+
 +===Running background processes===
 +
 +To background a process, type an & at the end of the command line. For example, the command sleep waits a given number of seconds before continuing. Type
 +
 +<​code>​compsci-user@tim:​~$ sleep 10</​code>​
 +
 +This will wait 10 seconds before returning the command prompt %. Until the command prompt is returned, you can do nothing except wait.
 +
 +To run sleep in the background, type
 +
 +<​code>​compsci-user@tim:​~$ sleep 10 &</​code>​
 +
 +[1] 6259
 +
 +The **&** runs the job in the background and returns the prompt straight away, allowing you do run other programs while waiting for that one to finish.
 +
 +The first line in the above example is typed in by the user; the next line, indicating job number and PID, is returned by the machine. The user is be notified of a job number (numbered from 1) enclosed in square brackets, together with a PID and is notified when a background process is finished. Backgrounding is useful for jobs which will take a long time to complete.
 +
 +===Backgrounding a current foreground process===
 +
 +At the prompt, type
 +
 +<​code>​compsci-user@tim:​~$ sleep 100</​code>​
 +
 +You can suspend the process running in the foreground by holding down the [control] key and typing [z] (written as ^Z) Then to put it in the background, type
 +
 +<​code>​compsci-user@tim:​~$ bg</​code>​
 +
 +<​note>​Note:​ do not background programs that require user interaction e.g. pine</​note>​
 +
 +====5.4 Listing suspended and background processes====
 +
 +When a process is running, backgrounded or suspended, it will be entered onto a list along with a job number. To examine this list, type
 +
 +<​code>​compsci-user@tim:​~$ jobs</​code>​
 +
 +An example of a job list could be
 +
 +  * [1] Suspended sleep 100
 +  * [2] Running netscape
 +  * [3] Running nedit
 +
 +To restart (foreground) a suspended processes, type
 +
 +<​code>​compsci-user@tim:​~$ fg %jobnumber</​code>​
 +
 +For example, to restart sleep 100, type
 +
 +<​code>​compsci-user@tim:​~$ fg %1</​code>​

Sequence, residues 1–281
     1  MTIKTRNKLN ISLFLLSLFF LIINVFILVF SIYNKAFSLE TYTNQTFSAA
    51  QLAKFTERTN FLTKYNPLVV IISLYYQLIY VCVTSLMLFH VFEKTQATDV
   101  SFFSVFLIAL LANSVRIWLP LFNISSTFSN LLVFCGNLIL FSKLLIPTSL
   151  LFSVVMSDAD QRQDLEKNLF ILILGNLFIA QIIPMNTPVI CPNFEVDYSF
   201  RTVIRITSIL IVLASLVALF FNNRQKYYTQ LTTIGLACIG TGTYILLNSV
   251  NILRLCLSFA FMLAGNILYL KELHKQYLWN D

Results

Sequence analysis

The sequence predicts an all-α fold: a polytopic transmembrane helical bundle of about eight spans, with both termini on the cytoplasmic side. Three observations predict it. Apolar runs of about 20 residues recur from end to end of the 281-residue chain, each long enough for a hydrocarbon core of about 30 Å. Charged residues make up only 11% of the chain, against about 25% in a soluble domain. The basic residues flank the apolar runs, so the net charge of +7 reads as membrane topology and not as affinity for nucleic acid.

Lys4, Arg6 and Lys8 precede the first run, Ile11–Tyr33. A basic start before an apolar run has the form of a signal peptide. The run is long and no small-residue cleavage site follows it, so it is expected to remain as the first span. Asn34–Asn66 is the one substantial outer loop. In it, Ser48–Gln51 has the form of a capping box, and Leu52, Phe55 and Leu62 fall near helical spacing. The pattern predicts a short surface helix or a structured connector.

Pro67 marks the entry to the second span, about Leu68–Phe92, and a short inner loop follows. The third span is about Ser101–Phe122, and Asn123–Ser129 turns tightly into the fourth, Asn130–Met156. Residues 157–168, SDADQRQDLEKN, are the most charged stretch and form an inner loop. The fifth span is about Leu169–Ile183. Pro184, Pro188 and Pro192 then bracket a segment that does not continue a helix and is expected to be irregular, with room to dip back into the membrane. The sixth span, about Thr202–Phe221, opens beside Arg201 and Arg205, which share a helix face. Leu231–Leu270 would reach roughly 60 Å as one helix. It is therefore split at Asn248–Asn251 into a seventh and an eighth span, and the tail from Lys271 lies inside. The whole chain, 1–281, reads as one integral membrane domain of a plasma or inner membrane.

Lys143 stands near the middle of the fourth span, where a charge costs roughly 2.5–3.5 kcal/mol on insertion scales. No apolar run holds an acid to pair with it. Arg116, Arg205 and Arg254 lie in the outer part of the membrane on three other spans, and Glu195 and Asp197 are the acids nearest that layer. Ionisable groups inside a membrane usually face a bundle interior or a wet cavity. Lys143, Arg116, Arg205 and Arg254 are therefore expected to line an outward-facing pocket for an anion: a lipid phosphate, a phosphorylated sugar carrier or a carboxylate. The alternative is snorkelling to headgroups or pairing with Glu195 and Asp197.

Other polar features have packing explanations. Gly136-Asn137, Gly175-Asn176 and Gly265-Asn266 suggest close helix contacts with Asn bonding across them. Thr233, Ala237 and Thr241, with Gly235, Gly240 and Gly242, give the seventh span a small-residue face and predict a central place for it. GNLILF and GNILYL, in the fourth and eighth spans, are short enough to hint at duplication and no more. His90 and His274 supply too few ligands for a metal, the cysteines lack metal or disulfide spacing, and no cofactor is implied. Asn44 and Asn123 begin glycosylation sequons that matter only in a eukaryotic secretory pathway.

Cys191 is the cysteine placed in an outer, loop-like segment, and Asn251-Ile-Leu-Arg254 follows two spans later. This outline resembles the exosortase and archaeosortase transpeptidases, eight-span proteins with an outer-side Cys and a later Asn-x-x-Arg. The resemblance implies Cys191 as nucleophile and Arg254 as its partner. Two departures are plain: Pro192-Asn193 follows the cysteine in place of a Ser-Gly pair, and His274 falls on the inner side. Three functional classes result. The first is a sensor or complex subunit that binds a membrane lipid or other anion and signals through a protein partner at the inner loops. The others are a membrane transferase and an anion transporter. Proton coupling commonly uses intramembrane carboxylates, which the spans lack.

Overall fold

+
 +Typing **fg** with no job number foregrounds the last suspended process.
 +
 +====5.5 Killing a process====
 +===kill (terminate or signal a process)===
 +
 +It is sometimes necessary to kill a process (for example, when an executing program is in an infinite loop)
 +
 +To kill a job running in the foreground, type ^C (control c). For example, run
 +
 +<​code>​compsci-user@tim:​~$ sleep 100
 +^C</​code>​
 +
 +To kill a suspended or background process, type
 +
 +<​code>​compsci-user@tim:​~$ kill %jobnumber</​code>​
 +
 +For example, run
 +
 +<​code>​compsci-user@tim:​~$ sleep 100 &
 +compsci-user@tim:​~$ jobs</​code>​
 +
 +If it is job number 4, type
 +
 +<​code>​compsci-user@tim:​~$ kill %4</​code>​
 +
 +To check whether this has worked, examine the job list again to see if the process has been removed.
 +
 +===ps (process status)===
 +
 +Alternatively,​ processes can be killed by finding their process numbers (PIDs) and using kill PID_number
 +
 +<​code>​
 +compsci-user@tim:​~$ sleep 100 &
 +compsci-user@tim:​~$ ps
 +</​code>​
 +
 +  * PID TT S TIME COMMAND
 +  * 20077 pts/5 S 0:05 sleep 100
 +  * 21563 pts/5 T 0:00 netscape
 +  * 21873 pts/5 S 0:25 nedit
 +
 +To kill off the process sleep 100, type
 +
 +<​code>​compsci-user@tim:​~$ kill 20077</​code>​
 +
 +and then type **ps** again to see if it has been removed from the list.
 +
 +If a process refuses to be killed, uses the -9 option, i.e. type
 +
 +<​code>​compsci-user@tim:​~$ kill -9 20077</​code>​
 +
 +<​note>​Note:​ It is not possible to kill off other users' processes !!!</​note>​
 +
 +====Summary====
 +^ Command ​                  ^ Meaning ​                                   ^
 +| **ls -lag** ​              | list access rights for all files           |
 +| **chmod [options] file** ​ | change access rights for named file        |
 +| **command &​** ​            | run command in background ​                 |
 +| **^C** ​                   | kill the job running in the foreground ​    |
 +| **^Z** ​                   | suspend the job running in the foreground ​ |
 +| **bg** ​                   | background the suspended job               |
 +| **jobs** ​                 | list current jobs                          |
 +| **fg %1**                 | foreground job number 1                    |
 +| **kill %1**               | kill job number 1                          |
 +| **ps** ​                   | list current processes ​                    |
 +| **kill 26152** ​           | kill process number 26152                  |